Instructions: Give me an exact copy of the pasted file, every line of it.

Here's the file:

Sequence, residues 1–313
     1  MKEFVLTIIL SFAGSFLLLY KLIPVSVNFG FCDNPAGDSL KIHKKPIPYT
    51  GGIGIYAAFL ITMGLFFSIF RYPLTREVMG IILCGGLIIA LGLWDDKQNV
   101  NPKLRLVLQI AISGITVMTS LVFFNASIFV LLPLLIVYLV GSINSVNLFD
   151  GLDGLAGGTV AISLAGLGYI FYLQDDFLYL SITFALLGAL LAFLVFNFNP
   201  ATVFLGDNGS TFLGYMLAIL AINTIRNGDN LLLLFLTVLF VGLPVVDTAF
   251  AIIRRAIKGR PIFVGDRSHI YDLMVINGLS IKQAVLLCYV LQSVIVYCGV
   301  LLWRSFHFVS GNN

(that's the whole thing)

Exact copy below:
Sequence, residues 1–313
     1  MKEFVLTIIL SFAGSFLLLY KLIPVSVNFG FCDNPAGDSL KIHKKPIPYT
    51  GGIGIYAAFL ITMGLFFSIF RYPLTREVMG IILCGGLIIA LGLWDDKQNV
   101  NPKLRLVLQI AISGITVMTS LVFFNASIFV LLPLLIVYLV GSINSVNLFD
   151  GLDGLAGGTV AISLAGLGYI FYLQDDFLYL SITFALLGAL LAFLVFNFNP
   201  ATVFLGDNGS TFLGYMLAIL AINTIRNGDN LLLLFLTVLF VGLPVVDTAF
   251  AIIRRAIKGR PIFVGDRSHI YDLMVINGLS IKQAVLLCYV LQSVIVYCGV
   301  LLWRSFHFVS GNN